Later, beginning in the 1980s, revisionist history and campus radicalism became increasingly bogged down in the miasma created by identity politics and post-
modernism, with their generally reactionary agendas. At that point, the weaknesses and political confusion of the underlying approach, there from the start, became
much clearer. A People’s History, as a compilation of 1960s and 1970s revisionist scholarship, expressed its contributions as well its limitations. It is not
coincidental that the new studies developed concomitantly to the emergence of identity politics and the promotion of affirmative action on the campuses, as US
liberalism, trade unionism and the Democratic Party sought a new constituency for their policies outside of the working class. The new academic history served this
political development and has, in turn, been richly fed by it. Indeed, in the more facile historical studies, the oppressed groups of the past are presented as mere
transpositions of the various “interest groups” that emerged in the 1970s. It should not be surprising that the new history treated political economy and politics
superficially — or not at all — and tended to present the “agency” of oppressed groups as independent of the historical process, or as introduced to it by human will or
moral choice.

With this in mind, it is perhaps easier to confront the apparent contradiction between Zinn the historian and Zinn the political commentator, who wrote frequently for
the Nation and the Progressive and whose views were much sought-after in radical circles. As an historian, Zinn found nothing progressive in “the system.” Of the

two-party system, Zinn wrote, “to give people a choice between two different parties and allow them, in a period of rebellion, to choose the slightly more democratic
one was an ingenious mode of control.” Zinn wrote that elections are times “to consolidate the system after years of protest and rebellion.” And he invariably presented
reforms as means by which the elite bought off the loyalty of the masses. Yet the same Zinn, who (incorrectly) found few differences to parse over between the
Republican Party of Lincoln and the pro-slavery Democratic Party of Jefferson Davis, called for a vote for Barack Obama in 2008, arguing that Obama, while not mgood, was decidedly better than George W. Bush. Zinn qualified his endorsement by arguing that Democrats, once in office, could be pressured to enact reforms, evidently drawing no conclusions from the unrelenting rightward shift of the US political system from the 1970s on.His idolization of “resistance” in the pages of A People’s History masked a pessimistic outlook. In every case, resistance for Zinn was either co-opted or crushed by establishment control. Given this, surely the best that could be hoped for was co-option through reforms. There were no strategic lessons to be drawn; this was all to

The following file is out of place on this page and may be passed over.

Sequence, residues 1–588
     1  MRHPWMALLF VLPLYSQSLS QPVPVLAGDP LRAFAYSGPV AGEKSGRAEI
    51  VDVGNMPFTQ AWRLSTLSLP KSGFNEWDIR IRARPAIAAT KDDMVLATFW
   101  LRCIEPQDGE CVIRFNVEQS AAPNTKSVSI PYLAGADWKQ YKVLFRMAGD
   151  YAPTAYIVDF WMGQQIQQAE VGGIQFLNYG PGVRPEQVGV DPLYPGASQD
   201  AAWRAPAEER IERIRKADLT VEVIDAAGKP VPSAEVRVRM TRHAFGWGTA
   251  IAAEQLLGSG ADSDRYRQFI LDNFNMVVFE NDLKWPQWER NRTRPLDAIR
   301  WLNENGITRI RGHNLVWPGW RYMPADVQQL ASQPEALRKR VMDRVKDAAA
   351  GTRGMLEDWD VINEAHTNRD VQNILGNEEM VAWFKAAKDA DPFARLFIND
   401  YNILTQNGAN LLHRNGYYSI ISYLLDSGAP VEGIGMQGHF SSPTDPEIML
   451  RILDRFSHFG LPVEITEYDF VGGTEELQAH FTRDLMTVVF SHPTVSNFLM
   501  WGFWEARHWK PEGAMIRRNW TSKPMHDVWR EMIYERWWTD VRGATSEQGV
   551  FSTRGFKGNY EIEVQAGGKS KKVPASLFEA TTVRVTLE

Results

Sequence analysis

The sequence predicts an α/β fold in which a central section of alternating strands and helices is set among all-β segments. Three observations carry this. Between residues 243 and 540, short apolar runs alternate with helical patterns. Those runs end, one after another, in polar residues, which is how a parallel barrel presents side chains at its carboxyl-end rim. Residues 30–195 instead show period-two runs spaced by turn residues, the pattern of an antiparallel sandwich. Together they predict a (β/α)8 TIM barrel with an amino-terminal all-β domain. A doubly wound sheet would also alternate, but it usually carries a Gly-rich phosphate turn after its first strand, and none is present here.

repeat itself. Zinn’s general disinterest in A People’s History in politics and thought — the conscious element in history — becomes more pronounced in his last chapters. By the time he arrives in the 1970s, even Zinn’s resisters appear less heroic: angry farmers, trade unionists, Wobblies, and Socialists have given way to proponents of identity politics, environmental reform, and the pro-Democratic Party anti-war movement.
Zinn’s concluding chapter, “The Coming Revolt of the Guards,” in which he ponders how “the system of control” might ultimately be broken, brings into the clear the
link between his politics and his history. “The Guards” referenced in the chapter title, as it turns out, are workers. “[T]he Establishment cannot survive without the
obedience and loyalty of millions of people who are given small rewards to keep the system going: the soldiers and police, teachers and ministers, administrators and
social workers, technicians and production workers, doctors, lawyers, nurses, transport and communications workers, garbage men and firemen,”
according to Zinn. “These people — the employed, the somewhat privileged — are drawn into alliance with the elite. They become the guards of the system, buffers
between the upper and lower classes. If they stop obeying, the system falls.”  “The American system is the most ingenious system of control in world history,” Zinn
writes. “With a country so rich in natural resources, talent, and labor power the system can afford to distribute just enough wealth to just enough people to limit
discontent to a troublesome minority.”  These words reflected the demoralized perspective of the “New Left” and the ideological influences of elements such as the
Frankfurt School, Marcuse and others who wrote off the revolutionary role of the working class, viewing it as a reactionary mass that had been bought off by the
capitalist system. Included in an updated version of the book in published in 2003, they now seem quite dated. These considerable theoretical and political limitations notwithstanding, Zinn’s contributions in A People’s History of the United States — its presentation of the crimes of the US ruling class and the resistance of  oppressed groups — are significant. The book deserves its audience.